First, we drove to Scranton on the 4th of July.  It was not as terrible as you might imagine and that was probably due to the fact it was a Tuesday.  We stayed at a hotel with a pool and that is basically enough to keep the boys happy.   HOWEVER, we were able to see multiple firework shows throughout the town from both the pool and our room.



The punks didn't actually know in advance where we would be going.  We told them before bed that night and, let's just say the response left a lot to be desired.  They were so "meh" about the whole thing.  All I did was hope they would be way more excited when they actually got it.  Merrick also got a little surprise that night.  He got a cute little indoor tent in which to spend the night.  Three boys in a queen size bed is a no go.  Two in the same bed leads to plenty of kicking, pushing, and growling until sleep is finally reached.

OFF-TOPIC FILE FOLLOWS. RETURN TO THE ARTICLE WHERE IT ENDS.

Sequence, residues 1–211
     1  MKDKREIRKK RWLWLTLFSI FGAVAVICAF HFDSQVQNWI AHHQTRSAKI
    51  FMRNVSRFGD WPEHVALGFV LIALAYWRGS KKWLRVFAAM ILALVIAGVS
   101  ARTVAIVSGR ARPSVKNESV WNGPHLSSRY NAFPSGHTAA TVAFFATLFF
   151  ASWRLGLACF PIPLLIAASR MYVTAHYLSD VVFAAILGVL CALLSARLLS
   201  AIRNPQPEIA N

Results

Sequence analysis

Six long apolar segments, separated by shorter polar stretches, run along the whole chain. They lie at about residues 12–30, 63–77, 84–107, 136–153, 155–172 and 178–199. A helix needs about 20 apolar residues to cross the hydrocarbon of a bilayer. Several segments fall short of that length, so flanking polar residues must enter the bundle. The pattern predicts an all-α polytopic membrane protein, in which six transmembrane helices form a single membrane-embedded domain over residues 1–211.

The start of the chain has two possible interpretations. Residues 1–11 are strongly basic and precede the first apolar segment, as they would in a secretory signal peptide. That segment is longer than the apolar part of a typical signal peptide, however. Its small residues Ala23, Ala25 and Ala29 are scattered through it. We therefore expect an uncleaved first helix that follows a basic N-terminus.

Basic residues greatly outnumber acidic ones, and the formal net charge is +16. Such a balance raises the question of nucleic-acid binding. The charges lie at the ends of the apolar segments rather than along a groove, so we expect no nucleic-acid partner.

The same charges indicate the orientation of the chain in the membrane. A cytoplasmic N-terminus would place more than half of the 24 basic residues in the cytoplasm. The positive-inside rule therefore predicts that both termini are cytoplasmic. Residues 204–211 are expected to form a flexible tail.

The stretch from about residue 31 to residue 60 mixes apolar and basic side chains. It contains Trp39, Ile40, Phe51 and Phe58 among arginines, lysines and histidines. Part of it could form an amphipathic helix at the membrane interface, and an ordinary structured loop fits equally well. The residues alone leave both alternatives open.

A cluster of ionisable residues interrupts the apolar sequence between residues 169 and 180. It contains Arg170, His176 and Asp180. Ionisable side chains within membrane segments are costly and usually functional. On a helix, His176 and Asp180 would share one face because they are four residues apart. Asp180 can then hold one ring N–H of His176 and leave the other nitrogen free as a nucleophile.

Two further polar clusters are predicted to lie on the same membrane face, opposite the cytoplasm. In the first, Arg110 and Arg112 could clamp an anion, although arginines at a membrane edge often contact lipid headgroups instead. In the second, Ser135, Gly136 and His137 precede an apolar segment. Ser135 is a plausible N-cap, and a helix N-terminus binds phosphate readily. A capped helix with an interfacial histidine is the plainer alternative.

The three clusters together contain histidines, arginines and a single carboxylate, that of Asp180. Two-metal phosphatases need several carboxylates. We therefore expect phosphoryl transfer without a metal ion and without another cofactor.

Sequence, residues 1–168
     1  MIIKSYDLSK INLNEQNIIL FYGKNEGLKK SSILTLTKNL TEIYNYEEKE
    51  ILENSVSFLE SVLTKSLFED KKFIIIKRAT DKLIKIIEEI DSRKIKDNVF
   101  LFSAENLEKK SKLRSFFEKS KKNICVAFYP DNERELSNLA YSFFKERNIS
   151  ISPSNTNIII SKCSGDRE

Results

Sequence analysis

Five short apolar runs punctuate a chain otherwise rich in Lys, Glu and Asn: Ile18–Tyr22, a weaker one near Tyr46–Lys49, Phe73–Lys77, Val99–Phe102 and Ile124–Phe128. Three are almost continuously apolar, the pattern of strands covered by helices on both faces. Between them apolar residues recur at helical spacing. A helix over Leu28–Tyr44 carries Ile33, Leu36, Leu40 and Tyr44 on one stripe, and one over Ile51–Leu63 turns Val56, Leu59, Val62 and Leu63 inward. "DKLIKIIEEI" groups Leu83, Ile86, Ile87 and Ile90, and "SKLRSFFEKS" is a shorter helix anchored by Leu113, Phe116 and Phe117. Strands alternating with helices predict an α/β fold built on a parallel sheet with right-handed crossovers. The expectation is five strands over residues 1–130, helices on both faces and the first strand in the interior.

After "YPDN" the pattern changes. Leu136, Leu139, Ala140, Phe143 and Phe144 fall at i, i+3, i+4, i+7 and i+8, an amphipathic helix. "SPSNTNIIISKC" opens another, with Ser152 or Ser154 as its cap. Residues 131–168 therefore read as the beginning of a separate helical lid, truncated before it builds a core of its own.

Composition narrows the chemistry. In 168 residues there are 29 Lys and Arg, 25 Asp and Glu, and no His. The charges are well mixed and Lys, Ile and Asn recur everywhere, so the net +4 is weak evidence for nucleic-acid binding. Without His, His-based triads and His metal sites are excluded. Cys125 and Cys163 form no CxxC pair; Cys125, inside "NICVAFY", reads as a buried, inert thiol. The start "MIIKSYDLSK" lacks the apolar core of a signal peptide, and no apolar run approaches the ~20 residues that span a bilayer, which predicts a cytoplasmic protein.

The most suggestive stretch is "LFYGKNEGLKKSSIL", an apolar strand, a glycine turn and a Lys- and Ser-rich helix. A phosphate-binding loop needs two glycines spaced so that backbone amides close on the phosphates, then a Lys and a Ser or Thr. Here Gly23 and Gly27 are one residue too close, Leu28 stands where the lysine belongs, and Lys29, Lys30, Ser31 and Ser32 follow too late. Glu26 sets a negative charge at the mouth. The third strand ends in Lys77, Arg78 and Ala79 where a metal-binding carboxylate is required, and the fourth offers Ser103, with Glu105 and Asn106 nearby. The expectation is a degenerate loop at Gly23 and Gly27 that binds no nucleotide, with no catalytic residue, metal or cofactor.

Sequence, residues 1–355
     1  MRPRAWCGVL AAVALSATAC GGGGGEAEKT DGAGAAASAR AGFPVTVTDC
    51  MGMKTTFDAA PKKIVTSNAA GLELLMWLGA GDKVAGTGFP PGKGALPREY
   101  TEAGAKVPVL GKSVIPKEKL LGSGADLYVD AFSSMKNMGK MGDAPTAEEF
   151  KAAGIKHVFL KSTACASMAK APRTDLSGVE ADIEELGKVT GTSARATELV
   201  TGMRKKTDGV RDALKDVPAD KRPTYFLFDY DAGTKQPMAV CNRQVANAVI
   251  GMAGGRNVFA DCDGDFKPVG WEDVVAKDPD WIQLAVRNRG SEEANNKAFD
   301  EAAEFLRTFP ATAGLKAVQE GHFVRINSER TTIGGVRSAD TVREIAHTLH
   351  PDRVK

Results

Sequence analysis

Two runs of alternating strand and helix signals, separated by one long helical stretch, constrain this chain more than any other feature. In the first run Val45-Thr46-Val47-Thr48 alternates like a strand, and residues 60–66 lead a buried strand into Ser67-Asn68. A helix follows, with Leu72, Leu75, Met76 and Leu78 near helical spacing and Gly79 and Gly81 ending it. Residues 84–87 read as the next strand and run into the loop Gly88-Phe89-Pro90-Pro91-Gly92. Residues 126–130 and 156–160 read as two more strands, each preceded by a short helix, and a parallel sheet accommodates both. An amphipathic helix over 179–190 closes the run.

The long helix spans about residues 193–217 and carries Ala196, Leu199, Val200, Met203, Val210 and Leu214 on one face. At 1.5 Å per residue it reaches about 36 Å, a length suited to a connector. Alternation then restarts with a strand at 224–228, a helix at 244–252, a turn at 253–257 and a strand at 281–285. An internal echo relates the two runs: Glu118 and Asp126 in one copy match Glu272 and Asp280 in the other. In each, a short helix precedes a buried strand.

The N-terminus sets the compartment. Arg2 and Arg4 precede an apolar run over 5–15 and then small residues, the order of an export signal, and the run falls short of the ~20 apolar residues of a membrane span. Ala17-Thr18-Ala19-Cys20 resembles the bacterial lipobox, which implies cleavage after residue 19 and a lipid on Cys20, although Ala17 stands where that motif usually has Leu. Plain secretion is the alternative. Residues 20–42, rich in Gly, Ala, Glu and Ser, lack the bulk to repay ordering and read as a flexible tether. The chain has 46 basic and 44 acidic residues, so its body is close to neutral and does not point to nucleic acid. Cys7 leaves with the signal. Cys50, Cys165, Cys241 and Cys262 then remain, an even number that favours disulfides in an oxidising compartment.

In the morning, we had breakfast at Dunkin' Donuts just down the road, then we headed straight to Steamtown.  I wish I had a video of the punks' reactions!  My preteen boys, literally, squee-ed when they got the first glimpse in the parking lot.  "It's the Big Boy, the Union Pacific Big Boy!"  Sadly, I thought the Big Boy was in pretty rough shape.  The boys thought it was the most incredible thing they'd ever seen.  Maybe it was... so far!


We didn't stay outside for long, though.  We had a train to catch!  Xav got his official "every kid in a park" card, we paid for our train tickets and headed inside.  We didn't have long to wait for our train ride and since that was almost the first thing we did there, I'm including it here.  Everything else we did will be in next week's Steamtown Part 2 post.